Traditionally, many surgeons performing a segmentectomy to remove a limited portion of the lung affected by cancer will switch to a lobectomy – removal of an entire lobe of the lung – during surgery if nearby lymph nodes also test positive for cancer.
“However, there is no clear evidence in the literature that supports this practice,” said Nestor Villamizar, M.D., a member of Sylvester Comprehensive Cancer Center and assistant professor of clinical surgery at the University of Miami Miller School of Medicine.
Lymph node involvement changes the stage of non-small cell lung cancer. Most prior work in this area focused on people with N0 disease – meaning nearby lymph nodes showed no evidence of cancer.
However, Dr. Villamizar and colleagues decided to compare outcomes between patients with more distant lymph node involvement – classified as N1 or N2 – to determine if segmentectomy or lobectomy is associated with better survival outcomes.
The research was published as an article in press in The Journal of Thoracic and Cardiovascular Surgery.
“Our study is the first one in the literature to compare segmentectomy versus lobectomy in unsuspected pathological N1/N2,” said Dr. Villamizar, who is also affiliated with the Section of Thoracic Surgery in the DeWitt Daughtry Family Department of Surgery at the Miller School. “The findings are somewhat unexpected. Lobectomy has been the gold standard operation for lung cancer because it provides wider margins and a better lymph node dissection.”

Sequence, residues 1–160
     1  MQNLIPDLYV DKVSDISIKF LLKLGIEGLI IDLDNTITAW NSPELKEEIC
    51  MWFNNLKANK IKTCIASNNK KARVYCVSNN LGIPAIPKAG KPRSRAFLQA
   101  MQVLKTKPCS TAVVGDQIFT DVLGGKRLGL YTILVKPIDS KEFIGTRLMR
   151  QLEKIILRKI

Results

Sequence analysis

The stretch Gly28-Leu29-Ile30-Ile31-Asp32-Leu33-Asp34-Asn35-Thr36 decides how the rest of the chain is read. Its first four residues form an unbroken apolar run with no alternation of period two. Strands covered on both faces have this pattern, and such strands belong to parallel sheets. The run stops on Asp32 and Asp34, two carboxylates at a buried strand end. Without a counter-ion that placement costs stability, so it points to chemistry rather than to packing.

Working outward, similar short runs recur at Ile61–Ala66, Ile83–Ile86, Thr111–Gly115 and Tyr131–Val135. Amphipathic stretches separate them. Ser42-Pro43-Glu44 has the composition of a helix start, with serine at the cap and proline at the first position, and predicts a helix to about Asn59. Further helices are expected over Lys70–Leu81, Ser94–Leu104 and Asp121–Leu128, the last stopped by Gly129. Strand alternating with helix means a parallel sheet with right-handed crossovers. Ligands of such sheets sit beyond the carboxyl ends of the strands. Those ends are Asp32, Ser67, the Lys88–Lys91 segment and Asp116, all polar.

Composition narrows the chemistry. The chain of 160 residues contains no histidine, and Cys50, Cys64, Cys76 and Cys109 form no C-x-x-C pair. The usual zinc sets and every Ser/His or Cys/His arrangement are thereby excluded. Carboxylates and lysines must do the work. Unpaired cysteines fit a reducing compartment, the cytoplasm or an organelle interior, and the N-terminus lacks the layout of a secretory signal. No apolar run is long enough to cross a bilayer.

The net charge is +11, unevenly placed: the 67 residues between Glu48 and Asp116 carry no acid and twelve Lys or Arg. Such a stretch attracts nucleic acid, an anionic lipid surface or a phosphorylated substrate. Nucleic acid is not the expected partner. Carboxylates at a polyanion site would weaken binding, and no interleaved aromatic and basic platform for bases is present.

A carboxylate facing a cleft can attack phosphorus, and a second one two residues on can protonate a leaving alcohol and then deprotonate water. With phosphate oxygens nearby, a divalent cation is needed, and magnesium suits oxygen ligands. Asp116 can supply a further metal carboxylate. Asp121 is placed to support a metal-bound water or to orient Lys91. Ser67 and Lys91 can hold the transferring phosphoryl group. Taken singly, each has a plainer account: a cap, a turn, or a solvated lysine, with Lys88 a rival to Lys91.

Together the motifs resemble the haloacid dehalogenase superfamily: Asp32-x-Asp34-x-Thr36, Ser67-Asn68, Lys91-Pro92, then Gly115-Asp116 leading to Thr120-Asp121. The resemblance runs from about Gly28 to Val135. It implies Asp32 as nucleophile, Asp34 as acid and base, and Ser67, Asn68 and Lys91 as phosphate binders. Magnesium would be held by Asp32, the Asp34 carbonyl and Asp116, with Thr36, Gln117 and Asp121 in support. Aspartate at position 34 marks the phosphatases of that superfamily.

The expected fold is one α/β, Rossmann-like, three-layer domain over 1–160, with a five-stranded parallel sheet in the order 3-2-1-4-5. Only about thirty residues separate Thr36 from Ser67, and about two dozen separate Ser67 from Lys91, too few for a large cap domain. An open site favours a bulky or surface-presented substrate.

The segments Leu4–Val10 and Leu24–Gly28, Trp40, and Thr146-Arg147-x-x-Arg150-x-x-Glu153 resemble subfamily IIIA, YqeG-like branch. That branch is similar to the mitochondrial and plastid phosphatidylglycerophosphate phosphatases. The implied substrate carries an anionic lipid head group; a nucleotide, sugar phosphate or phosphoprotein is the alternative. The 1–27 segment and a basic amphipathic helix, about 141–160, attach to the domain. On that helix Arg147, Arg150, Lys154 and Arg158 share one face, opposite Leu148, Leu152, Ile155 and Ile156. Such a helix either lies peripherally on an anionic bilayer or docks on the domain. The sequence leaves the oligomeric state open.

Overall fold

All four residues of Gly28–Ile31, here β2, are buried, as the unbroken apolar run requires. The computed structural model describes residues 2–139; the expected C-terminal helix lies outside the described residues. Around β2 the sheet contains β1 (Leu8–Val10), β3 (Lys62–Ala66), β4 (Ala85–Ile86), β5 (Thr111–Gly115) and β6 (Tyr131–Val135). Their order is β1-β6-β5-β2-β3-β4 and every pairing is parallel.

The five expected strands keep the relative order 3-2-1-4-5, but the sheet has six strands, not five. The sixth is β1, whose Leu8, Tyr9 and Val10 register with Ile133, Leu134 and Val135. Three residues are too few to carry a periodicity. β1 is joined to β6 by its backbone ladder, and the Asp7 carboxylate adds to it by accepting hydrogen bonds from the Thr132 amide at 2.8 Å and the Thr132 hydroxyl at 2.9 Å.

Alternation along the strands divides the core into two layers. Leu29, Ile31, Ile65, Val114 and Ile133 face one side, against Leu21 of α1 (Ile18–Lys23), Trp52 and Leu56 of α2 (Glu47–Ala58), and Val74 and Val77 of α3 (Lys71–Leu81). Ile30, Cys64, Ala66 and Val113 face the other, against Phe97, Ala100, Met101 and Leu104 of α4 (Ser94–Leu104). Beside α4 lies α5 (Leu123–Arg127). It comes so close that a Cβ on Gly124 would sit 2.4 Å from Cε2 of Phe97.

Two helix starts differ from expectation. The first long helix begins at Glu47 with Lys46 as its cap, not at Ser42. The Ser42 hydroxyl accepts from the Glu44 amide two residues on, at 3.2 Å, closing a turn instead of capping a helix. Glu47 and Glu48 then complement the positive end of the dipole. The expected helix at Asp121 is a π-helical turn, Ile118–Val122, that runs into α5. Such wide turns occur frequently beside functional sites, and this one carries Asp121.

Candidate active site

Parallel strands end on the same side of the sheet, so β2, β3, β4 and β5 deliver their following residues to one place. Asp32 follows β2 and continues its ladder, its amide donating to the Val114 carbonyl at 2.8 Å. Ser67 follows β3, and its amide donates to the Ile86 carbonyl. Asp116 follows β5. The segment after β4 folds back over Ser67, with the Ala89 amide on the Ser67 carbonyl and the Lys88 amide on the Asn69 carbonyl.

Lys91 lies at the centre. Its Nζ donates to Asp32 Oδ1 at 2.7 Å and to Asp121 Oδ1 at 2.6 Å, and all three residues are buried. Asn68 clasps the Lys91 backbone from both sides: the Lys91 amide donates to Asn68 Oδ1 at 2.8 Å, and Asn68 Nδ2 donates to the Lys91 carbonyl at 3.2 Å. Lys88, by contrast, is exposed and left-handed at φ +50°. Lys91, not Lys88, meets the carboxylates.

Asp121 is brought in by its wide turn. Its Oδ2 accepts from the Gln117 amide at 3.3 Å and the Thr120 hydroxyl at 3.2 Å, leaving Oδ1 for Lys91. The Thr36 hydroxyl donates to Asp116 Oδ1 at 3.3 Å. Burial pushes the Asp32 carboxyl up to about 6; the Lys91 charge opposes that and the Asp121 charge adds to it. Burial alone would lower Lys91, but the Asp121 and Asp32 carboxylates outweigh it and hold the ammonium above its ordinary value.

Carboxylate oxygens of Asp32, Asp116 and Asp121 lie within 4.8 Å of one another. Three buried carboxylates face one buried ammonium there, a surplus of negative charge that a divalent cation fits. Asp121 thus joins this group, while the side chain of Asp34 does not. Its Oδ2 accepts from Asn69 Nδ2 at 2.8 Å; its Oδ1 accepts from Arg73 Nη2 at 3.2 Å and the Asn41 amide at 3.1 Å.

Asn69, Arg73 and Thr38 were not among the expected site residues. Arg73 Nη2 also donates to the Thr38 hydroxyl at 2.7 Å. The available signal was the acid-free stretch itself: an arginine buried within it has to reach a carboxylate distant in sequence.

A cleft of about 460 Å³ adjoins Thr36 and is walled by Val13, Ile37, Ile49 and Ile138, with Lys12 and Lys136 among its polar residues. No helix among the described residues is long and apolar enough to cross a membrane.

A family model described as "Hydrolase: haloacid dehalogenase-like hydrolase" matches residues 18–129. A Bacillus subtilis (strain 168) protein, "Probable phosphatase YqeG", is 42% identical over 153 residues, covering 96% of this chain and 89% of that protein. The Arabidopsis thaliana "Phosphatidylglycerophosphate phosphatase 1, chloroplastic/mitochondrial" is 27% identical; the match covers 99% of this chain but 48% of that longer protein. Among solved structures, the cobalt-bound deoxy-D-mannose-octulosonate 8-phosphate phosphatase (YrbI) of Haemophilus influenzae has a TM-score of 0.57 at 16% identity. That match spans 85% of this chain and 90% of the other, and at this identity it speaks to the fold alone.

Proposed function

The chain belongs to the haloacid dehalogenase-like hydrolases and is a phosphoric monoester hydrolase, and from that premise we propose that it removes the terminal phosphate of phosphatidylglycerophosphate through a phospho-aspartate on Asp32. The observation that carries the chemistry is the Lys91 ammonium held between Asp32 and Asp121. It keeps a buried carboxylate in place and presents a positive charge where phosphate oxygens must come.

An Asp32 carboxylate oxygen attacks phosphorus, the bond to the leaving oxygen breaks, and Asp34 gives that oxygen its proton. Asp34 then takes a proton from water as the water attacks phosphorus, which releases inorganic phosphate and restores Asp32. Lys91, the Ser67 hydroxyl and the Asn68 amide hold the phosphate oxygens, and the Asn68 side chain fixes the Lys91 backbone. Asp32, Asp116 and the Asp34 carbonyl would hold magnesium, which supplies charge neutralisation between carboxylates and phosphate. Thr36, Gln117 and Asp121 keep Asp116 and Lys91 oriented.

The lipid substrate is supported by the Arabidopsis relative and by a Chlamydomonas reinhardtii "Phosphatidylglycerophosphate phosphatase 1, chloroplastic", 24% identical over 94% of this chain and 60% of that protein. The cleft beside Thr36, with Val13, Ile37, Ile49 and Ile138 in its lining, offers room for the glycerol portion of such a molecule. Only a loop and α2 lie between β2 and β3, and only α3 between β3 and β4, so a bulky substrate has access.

Using the National Cancer Database, principal investigator Dr. Villamizar, thoracic surgery fellow Syed S. Razi, M.D., and their colleague Dao Nguyen, M.D., identified patients with T1N0 non-small cell lung cancer found to have N1/N2 disease in actuality confirmed by pathology. T1 refers to a tumor 30 mm or smaller in size.
Among patients with N1 disease, median survival did not differ significantly between those who underwent segmentectomy, 51 months, compared with 54 months in the lobectomy group. The five-year overall survival rate did not differ significantly either, with a 42% rate in the segmentectomy group versus 46% in the lobectomy patients.
In the N2 group of patients, median survival also was similar – 37 months after segmentectomy versus 44 months after lobectomy. The five-year survival rates were 42% versus 39%, respectively.
“We are demonstrating that segmentectomy may be equivalent to lobectomy in regards to overall survival,” Dr. Villamizar said. “I am passionate about minimally invasive surgery; the idea of removing less lung parenchyma with equivalent oncologic results is fascinating.”
Despite the similar survival rates, one intervention that did make a significant and positive difference was use of adjuvant chemotherapy.
Administration of chemotherapy was associated with 39% better survival in the N1 patients and 32% better survival among patients with N2 disease.
“Adjuvant chemotherapy appears to have a greater effect in overall survival than the type of anatomic resection,” Dr. Villamizar said.
Going forward, Dr. Villamizar and colleagues plan to develop a clinical algorithm to help surgeons like themselves determine which patients are most likely candidates for segmentectomy versus lobectomy. The guidance will incorporate preoperative and intraoperative factors. The ultimate aim is to “hopefully obtain equivalent oncologic outcomes with appropriate patient selection.”